Cancer Update: Melatonin appeared to improve survival rates in those with a poor prognosis for prostate cancer, and those critically ill with cancer who were low in vitamin D were more likely to be hospitalized and to die within a year, two new studies reveal.
Melatonin increased survival after radiation
Melatonin promotes sleep and plays a role in immunity. In this study, doctors compared outcomes over 10 years in 955 men with various stages of prostate cancer who had combined hormone and radiation treatment, and who did or did not take melatonin.
While there was little difference in outcomes for men with a favorable or intermediate prognosis, men with a poor prognosis who took melatonin survived an average of 154 months compared to 64 months for men who had not taken melatonin.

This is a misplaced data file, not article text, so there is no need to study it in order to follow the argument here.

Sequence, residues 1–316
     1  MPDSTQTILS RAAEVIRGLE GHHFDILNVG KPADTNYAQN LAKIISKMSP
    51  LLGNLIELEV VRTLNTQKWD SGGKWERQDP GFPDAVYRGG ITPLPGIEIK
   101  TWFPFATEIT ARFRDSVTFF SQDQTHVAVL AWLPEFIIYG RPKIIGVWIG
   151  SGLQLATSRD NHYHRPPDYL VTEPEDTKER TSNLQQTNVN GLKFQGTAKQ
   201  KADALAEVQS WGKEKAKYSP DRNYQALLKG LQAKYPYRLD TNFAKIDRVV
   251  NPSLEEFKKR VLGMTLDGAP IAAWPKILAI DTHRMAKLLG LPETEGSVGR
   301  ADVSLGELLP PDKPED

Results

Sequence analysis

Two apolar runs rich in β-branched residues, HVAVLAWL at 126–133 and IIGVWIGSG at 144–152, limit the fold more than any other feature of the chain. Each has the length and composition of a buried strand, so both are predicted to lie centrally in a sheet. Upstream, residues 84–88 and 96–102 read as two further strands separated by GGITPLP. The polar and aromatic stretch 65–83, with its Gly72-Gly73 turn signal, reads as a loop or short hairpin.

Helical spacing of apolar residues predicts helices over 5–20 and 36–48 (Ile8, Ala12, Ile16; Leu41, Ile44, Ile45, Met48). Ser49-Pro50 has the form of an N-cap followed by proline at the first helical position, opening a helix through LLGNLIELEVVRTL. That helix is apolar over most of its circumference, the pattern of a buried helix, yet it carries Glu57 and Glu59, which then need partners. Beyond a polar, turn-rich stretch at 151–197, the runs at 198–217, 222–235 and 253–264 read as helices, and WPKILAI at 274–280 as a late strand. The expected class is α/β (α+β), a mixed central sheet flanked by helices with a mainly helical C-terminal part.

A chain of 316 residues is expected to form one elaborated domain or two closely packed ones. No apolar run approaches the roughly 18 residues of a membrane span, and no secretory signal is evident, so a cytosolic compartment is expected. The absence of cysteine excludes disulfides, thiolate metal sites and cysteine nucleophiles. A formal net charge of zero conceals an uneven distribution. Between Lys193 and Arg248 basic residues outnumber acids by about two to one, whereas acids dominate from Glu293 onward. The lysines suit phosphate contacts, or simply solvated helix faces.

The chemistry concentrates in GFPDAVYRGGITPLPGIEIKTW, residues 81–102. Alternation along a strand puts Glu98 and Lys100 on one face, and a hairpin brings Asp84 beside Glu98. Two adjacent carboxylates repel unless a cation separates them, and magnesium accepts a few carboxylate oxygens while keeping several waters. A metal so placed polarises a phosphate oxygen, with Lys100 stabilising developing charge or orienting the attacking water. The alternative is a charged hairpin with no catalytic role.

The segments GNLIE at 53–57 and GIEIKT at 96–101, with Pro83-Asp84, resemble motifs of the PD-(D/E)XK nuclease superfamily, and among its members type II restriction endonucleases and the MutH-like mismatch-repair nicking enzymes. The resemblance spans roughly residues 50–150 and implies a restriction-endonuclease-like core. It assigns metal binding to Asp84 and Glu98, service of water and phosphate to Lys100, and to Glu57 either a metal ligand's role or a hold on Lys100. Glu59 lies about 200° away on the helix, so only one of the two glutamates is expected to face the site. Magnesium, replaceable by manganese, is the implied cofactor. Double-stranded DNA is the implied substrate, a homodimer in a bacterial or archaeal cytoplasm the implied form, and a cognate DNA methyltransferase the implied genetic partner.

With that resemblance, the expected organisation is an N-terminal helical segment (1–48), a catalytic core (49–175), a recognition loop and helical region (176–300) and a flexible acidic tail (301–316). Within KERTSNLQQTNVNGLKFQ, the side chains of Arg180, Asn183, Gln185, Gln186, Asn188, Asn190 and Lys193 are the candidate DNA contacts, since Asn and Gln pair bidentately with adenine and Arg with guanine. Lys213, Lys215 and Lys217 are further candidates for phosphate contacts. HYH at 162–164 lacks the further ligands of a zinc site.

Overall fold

Discussing the findings, doctors said melatonin was an independent factor that reduced chances of death from prostate cancer by more than two times compared to men who did not take melatonin.
Reference: Oncotarget; 2020, Vol. 11, 3723-9
Vitamin D reduces hospitalization, boosts survival
People with cancer are likely to be deficient in vitamin D. Long hospital stays, avoiding sun after radiation or other treatments, and poor nutrition all contribute.
In this study, doctors measured vitamin D levels in 178 critically ill people with either of the two main types: solid tumor, or blood cancer. Those with vitamin D lower than 20 nanograms per milliliter of blood (ng/mL) were deficient; those with no more than 12 ng/mL were severely deficient.
Three in four—74 percent—were deficient and 54 percent were severely deficient. Those who were severely deficient were more likely to be hospitalized and to die within a year. For those who survived intensive care and died within one year, severe vitamin D deficiency was the only cause other than a return of the disease, or resistance to treatment.
Reference: Nutrients; 2021, Vol. 13, No. 1, nu13010022